So Amman is divided in half really, east and west, with the east being the older (poorer) section and the west being more modern (for example, the section I live in, which didn’t even exist 15 years ago). The city has doubled in size and is projected to do so again by 2025. There are construction sites everywhere (and mostly Egyptian and Iraqi workers, I think they are basically like Mexicans in the US).

There is a big building going up right across the street from my office, I can watch them working out the window, we are on the second (meaning third, since it is GF, 1, 2, etc) and have one whole wall of windows.

The guys have been nice enough to designate Mohammad’s office as ‘the smoking room’ and most of the time it is just me and Mohammad or Tuhamie. In the beginning it was Tuhamie and I in the mornings, then Mohammad in the afternoons, but now school has started and Tuhamie is teaching in Zarka (the neighboring city to the north, where he lives) so he isn’t at the office until late afternoon.

Here's a picture of Tuhamie in our wing of the office, which has three rooms in total, plus a small kitchen and bathroom.

Tuhamie is great, I have spent a lot of time with him at work and last weekend I went to stay with him and his wife (and her extended family) in Zarka. Family is a really big deal in Jordan and many families share buildings, with for example the parents on one floor with the married children on the floor above and the unmarried still living with the parents. Unmarried men and women stay at home until the day they are married. This has nothing to do with age, sex or religion. I have met men and women, Muslim and Christian, hardworking and living at home. Moreover I have been told that it would be incredibly strange and suspicious for anyone to move out (i.e. what would you be doing that is so scandalous or what is wrong with you that you are not with your parents?) to the point that any woman not living at home is ‘tainted’ and even women who leave home to attend universities abroad or in other regions are subject to heightened scrutiny.

I spent some time trying to explain how virtually the opposite is true in America (i.e. people wonder what is wrong with you if you are living with (mooching from?) your parents). Needless to say it was received with some shock. And questions like “But who would take care of you if you are sick?” and “Why would you leave your family to be all alone?” I would like to say I had perfect answers, and I tried, but mostly it was one of many enlightening discussions.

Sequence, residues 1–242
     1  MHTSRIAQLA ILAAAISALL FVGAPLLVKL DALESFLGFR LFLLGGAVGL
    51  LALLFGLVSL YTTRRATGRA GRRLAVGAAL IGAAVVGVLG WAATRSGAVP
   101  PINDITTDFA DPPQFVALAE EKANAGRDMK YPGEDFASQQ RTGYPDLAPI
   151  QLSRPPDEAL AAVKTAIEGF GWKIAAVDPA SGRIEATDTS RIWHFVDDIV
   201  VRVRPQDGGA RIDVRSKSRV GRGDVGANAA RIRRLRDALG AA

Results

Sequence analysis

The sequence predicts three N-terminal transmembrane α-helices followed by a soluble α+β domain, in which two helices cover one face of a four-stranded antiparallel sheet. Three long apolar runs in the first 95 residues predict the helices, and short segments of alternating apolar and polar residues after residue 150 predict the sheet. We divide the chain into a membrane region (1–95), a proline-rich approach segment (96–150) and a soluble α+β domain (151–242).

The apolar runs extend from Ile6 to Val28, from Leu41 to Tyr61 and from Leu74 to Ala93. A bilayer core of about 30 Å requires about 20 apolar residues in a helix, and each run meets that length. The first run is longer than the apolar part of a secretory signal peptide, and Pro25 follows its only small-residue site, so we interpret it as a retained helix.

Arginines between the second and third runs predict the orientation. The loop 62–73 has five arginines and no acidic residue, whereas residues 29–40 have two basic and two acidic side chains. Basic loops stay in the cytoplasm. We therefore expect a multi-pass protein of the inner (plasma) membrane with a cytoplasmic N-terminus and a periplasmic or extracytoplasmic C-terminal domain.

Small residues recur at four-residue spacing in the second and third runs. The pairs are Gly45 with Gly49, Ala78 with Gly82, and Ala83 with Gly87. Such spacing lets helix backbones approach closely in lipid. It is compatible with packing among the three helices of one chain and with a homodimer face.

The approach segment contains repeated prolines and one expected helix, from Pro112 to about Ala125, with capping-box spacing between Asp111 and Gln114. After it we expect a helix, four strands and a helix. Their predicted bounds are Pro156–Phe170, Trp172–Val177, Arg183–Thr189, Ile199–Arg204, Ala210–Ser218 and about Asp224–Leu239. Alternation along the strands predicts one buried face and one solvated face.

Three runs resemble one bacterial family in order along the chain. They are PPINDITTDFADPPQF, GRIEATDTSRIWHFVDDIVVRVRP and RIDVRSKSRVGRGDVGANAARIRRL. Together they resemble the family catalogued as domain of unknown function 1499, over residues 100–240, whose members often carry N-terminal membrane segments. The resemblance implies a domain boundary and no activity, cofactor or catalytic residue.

Family size is also an issue. Meaning it is a BIG issue that you have a BIG family. My Arabic tutor is one of 12, nine girls, and although the younger families seem to have fewer children, the most important thing is you absolutely must have a boy. This is openly acknowledged and expressed by men and women alike. It even affects names, because once a boy is born, the father is then called, for example, Abu Mohammad, or ‘the father of Mohammad’ instead of by his first name. This is all traditional, and is starting to fade in Amman but is apparently still the case in the villages.

And I actually meant to say more about Zarka, maybe tomorrow (bükra!) but now I have a meeting...*hugs*

Sunday, September 04, 2005

أهلا وسهلا (Welcome)

I flew into Amman at 5:30 in the morning on the same day as the bombings in Aqaba. Figures. Although, geography lesson of the day, Aqaba is Jordan's only port and is located at the very south-eastern tip of the country (a.k.a. far from Amman). The whole situation did have people in Jordan talking though because there hasn't been an attack of any kind within Jordan in a long time.

However, at 5:30 in the morning, this was really not the foremost of my concerns, I was more focused on getting out of the airplane, finding out if my bags made it in one piece, figuring out if I could really get a visa and hoping that Mohammad was actually going to be there to meet me.

Lucky for me, all went smoothly, I never even spoke to anyone, just got off the plane, paid for my visa, passed through customs, immigration and baggage without a single word! And there was Mohammad.

Side note, by the way, Mohammad is my boss, coworker, man responsible for finding me housing, my finances, and pretty much everything else.

We headed to Mueen's house, a teacher who also works with us in the iEARN office, where I had my first Jordanian meal -- all mezza which I love and I get to eat with my hands (must be the farm girl in me b/c I love it). Eggs, ful (fava beans in a hummus-like state), tomatoes, cucumbers, zata (one of my new favorite foods!), these yogurt balls, jam, pita, cookies and tea with fresh mint. whew. all delicious, which I then learned in Arabic (za-keey) and is definitely one of the most-used words in my limited vocabulary.

After eating I fell asleep for a while, after which I went with him, his wife, their two young kids and the maid/nanny (her name is Geisha and she is from Sri Lanka) on a driving tour of Amman. The city is incredibly vast and growing at a rapid rate, there are new buildings going up everywhere! Almost everything is built out of white stone and the entire section of the city that I live in didn't exist 10 years ago.

Where do I live you ask?

I will tell you all about it, but that's it for now, it's Sunday (which is like Monday) and I have to get some work done!

Amman (on my way to work)

Saturday, September 03, 2005

Amman Posted by Picasa